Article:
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Ride report: Distance Training #9 (5/5/2012)

Go, riders!

When we learned this week that Day 2 of ALC11 will be about 109 miles long, some of us -- especially first-year ALCers -- might have wondered whether we were up to the task. Many of us put those doubts to rest Saturday as our group of 34 intrepid cyclists conquered a 113-mile route that was actually just a little bit tougher than the Day 2 route. For some of us, it was our first century ever; for others, it was our longest ride ever. And for an extra bonus, we got treated to some exceptional scenery along the way.

Oh yes, and there was the wind. As we continued to head south toward Morgan Hill in the morning and the tailwinds picked up, perhaps you felt an impending sense of dread that we would soon be paying for our good fortune. (I know I did!) But almost as if my magic, as soon as we turned into the hills toward Gilroy Hot Springs, the wind died down to almost nothing, coming back only when we returned to the valley floor.

And on the return from Gilroy, yes, there was some wind, but it was nowhere near as bad as we had experienced on previous years' Gilroy rides when we traveled north along Monterey Highway. We had just enough twists and turns in the route to provide some occasional relief ... and those last 10 mostly-downhill miles made for a satisfying end to the day.

From gauging the faces of riders crossing the finish line in Mountain View, it looked like most of us ended the day in high spirits. I know I did, and that's not always the case for me on very long rides. I made a special effort to keep my nutrition and pacing in check, and I think it worked. Even in the morning, when we had the benefit of a strong tailwind, I resisted the urge to ride all-out (according to Strava, many of you were faster than me from San Jose to Morgan Hill).

But more important, I made a determined effort to increase my calorie intake beyond what I've typically consumed on such rides. I made a point of eating at every rest stop, I added nutrition beans or blocks in each case, and I went through three bottles of my energy drink. That steady intake of moderate calories can make your day much more successful.

Speaking of "every rest stop," another important thing to remember is that, either on a training ride or on the event, you are not limited to the "official" rest stops. Yesterday, I took a bonus rest stop just past Saratoga; although it cost me a few minutes, it also gave me the final boost that I needed to finish the ride strong. On past ALCs, I've often found that, as the week progresses, I take breaks more frequently, and there's nothing wrong with that. If you're carrying a camera, it's a great opportunity to pull off the road (safely, of course) and take pictures of the event. (And, if you don't want to admit even to yourself that you're taking a rest break, you can always say, "Oh, I'm taking a photo break.")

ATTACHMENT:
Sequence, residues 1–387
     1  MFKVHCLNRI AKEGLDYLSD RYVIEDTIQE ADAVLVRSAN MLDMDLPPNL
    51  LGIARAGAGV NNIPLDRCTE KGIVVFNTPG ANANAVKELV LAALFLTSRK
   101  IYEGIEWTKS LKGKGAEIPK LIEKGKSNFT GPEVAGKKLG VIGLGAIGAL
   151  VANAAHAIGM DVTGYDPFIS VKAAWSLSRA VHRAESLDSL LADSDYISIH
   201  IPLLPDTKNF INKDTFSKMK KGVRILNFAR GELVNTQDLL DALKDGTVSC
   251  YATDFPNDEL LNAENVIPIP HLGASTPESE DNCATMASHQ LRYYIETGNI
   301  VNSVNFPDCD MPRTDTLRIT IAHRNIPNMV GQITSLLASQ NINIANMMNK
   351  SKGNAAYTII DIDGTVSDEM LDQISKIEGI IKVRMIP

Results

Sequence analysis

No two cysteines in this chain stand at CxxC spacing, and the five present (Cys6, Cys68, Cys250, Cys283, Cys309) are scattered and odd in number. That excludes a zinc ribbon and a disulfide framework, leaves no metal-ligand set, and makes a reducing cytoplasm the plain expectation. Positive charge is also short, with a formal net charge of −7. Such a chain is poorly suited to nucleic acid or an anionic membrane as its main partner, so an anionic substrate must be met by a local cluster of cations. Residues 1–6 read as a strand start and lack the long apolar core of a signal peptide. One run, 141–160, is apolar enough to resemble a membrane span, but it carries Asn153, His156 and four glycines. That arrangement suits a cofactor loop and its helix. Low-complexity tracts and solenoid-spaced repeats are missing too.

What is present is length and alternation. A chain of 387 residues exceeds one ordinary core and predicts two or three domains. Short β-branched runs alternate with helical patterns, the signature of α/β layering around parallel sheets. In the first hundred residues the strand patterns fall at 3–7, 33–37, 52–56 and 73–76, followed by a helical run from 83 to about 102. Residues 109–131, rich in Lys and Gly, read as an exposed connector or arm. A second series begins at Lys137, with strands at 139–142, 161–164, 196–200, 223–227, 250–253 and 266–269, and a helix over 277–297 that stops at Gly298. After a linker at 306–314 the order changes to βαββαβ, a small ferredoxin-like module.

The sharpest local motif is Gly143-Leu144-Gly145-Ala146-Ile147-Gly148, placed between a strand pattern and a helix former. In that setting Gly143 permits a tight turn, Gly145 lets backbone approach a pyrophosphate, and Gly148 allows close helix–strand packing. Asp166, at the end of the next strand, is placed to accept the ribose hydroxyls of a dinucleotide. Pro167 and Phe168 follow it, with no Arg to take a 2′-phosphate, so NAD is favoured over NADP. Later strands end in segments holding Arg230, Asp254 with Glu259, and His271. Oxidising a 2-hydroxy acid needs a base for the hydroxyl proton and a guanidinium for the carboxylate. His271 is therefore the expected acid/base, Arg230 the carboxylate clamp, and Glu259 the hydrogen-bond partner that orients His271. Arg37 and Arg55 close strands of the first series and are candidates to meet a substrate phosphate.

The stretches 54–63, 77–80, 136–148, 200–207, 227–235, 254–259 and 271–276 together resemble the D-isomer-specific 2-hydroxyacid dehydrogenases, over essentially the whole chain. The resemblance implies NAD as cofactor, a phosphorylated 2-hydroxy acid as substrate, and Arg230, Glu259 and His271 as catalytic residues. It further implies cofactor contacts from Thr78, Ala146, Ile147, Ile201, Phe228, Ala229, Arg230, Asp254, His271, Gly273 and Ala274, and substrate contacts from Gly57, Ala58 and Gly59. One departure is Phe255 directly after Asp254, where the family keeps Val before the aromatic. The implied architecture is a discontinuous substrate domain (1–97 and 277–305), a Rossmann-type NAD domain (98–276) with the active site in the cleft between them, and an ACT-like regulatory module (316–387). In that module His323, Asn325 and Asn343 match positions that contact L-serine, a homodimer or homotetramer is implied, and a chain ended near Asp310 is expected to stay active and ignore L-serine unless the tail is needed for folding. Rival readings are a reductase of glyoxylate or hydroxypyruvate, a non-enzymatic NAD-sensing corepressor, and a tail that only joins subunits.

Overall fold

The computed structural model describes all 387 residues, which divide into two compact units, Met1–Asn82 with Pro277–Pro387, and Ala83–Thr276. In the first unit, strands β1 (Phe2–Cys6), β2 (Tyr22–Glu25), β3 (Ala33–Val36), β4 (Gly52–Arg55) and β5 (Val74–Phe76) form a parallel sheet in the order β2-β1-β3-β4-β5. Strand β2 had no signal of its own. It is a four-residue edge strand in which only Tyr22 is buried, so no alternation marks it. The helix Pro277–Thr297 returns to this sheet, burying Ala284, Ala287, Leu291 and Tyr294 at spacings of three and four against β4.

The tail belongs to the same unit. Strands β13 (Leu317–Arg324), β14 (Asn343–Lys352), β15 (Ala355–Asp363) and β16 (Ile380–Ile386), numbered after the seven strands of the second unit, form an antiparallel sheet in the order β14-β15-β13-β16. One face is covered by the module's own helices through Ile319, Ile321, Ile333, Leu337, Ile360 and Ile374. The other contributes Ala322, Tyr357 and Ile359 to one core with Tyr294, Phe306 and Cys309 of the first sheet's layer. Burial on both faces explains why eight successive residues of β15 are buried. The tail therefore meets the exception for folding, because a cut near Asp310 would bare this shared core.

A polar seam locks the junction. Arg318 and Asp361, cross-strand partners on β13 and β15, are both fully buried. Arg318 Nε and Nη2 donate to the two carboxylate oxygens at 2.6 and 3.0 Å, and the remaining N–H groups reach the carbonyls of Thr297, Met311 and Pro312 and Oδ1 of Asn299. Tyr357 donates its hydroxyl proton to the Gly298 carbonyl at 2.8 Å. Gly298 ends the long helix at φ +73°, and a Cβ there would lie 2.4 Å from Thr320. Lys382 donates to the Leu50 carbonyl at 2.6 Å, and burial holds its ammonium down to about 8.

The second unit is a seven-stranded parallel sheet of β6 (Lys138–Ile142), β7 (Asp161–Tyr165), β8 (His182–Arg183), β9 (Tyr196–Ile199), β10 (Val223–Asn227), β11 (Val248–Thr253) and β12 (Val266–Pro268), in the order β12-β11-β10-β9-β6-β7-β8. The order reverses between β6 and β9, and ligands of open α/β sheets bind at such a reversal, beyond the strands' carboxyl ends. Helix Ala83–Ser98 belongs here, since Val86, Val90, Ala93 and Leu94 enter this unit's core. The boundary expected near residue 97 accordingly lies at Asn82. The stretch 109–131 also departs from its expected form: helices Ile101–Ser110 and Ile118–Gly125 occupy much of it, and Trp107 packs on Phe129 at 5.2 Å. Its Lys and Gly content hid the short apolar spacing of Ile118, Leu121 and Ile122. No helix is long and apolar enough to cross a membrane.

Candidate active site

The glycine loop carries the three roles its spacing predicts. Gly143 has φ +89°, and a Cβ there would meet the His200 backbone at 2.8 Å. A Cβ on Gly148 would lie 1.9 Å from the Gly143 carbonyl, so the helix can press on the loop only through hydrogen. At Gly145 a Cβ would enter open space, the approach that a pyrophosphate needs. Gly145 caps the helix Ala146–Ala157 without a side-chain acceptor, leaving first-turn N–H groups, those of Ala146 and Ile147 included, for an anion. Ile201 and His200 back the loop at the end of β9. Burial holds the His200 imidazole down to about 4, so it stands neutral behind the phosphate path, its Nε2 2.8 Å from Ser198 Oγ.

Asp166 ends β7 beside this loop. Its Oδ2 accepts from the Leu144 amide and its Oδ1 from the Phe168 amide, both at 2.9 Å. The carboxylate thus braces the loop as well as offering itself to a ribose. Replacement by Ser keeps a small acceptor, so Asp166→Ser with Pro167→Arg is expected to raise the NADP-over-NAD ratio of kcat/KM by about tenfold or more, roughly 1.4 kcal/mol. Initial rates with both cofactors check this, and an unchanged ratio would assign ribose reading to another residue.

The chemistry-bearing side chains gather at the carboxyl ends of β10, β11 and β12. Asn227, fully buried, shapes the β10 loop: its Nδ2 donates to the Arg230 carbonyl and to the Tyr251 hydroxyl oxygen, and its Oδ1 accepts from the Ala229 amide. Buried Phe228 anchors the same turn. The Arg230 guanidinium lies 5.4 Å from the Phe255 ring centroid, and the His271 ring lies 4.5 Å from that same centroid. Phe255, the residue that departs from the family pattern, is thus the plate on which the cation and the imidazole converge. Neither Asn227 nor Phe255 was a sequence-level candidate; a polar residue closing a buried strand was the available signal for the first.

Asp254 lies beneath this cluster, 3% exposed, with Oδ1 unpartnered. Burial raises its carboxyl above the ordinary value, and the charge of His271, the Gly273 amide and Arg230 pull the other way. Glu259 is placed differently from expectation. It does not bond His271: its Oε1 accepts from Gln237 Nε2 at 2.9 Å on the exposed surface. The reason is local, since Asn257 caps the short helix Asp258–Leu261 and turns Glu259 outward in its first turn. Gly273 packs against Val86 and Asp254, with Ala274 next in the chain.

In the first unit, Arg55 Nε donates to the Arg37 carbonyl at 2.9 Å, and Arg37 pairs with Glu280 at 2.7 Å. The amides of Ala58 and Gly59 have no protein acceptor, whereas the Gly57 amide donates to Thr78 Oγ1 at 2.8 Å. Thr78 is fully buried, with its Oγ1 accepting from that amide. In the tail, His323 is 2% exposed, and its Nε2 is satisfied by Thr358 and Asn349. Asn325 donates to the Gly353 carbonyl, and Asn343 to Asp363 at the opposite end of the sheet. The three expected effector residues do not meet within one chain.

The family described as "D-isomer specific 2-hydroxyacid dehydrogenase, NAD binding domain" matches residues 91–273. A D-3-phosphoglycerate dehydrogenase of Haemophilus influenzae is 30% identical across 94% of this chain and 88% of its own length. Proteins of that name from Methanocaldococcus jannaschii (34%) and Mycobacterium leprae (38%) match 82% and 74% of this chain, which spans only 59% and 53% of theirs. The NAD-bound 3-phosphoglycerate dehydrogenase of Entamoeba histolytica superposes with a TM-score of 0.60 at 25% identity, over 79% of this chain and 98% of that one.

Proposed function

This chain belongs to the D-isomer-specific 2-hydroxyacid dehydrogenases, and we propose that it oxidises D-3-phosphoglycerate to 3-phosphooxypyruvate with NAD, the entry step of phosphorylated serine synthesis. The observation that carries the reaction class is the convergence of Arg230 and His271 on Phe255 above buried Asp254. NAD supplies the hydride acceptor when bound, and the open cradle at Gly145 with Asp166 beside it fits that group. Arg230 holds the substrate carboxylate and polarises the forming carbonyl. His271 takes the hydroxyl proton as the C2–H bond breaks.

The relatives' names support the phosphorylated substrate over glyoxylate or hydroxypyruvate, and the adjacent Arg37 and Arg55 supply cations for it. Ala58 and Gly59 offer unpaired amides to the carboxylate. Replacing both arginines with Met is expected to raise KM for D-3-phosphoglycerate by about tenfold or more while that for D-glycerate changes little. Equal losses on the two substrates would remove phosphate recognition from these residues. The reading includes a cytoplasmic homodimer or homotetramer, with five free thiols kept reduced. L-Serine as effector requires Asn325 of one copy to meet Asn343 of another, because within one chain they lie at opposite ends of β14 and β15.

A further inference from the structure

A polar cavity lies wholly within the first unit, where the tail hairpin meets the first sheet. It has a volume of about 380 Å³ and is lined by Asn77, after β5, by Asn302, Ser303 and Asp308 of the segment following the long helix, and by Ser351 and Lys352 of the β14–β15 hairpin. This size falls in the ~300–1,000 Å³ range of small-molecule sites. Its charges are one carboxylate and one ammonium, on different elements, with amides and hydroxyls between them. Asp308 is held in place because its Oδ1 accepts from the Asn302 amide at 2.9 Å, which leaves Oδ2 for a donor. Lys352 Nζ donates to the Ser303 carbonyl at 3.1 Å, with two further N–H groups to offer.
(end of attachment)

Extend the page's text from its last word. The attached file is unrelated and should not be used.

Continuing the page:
What's next? It's the big one ... the fifth annual Altamont Pass Double Metric. It's only about one more hour of cycling than yesterday's ride! Better yet, the total climbing is less than yesterday, and the one significant climb isn't nearly as steep as Gilroy Hot Springs. It's a grand tour of everything that the Bay Area has to offer, from the Dumbarton Bridge to East Bay wine country to the windswept original Altamont Pass to the busy urban bikeways of Hayward. Make no mistake, it's a difficult ride -- I've finished every mile only two of the four times that I've done it (and one of those was, shall we say, problematic) -- but we will have our usual excellent volunteer support.

I know that some of you are concerned about the distance and want to ride a shorter route. Although there's no official "short route," there's an easy if unofficial way to reduce the ride to about 88 miles. You don't get to see Altamont Pass, but you still can get a challenging ride. If you look at the route, notice how you can stay on Foothill Road and quickly jump from about mile 34 to mile 75. Taking the unofficial route might put you out of range of the support vehicles (unless the rest of the group catches up with you later, which could happen), so you'd need to be self-sufficient, but this is an option if 125 miles won't work for you for whatever reason.

Our start time is stupidly, stupidly early. We meet at 5 a.m. because there are more pre-ride activities: handing out frame and helmet numbers, for instance. We ride out precisely at 5:56 a.m., legal sunrise. The route closes at 8:14 p.m., legal sunset. You'll have plenty of time. And because much of the ride is in urban areas, there is no shortage of places to stop for food and water.

I hope you can join us for Altamont Pass. Please RSVP as soon as possible because I need to make sure we have enough support vehicles and supplies to cover the expected number of riders.

Thank you for being part of AIDS/LifeCycle.

Photo by Tim Huang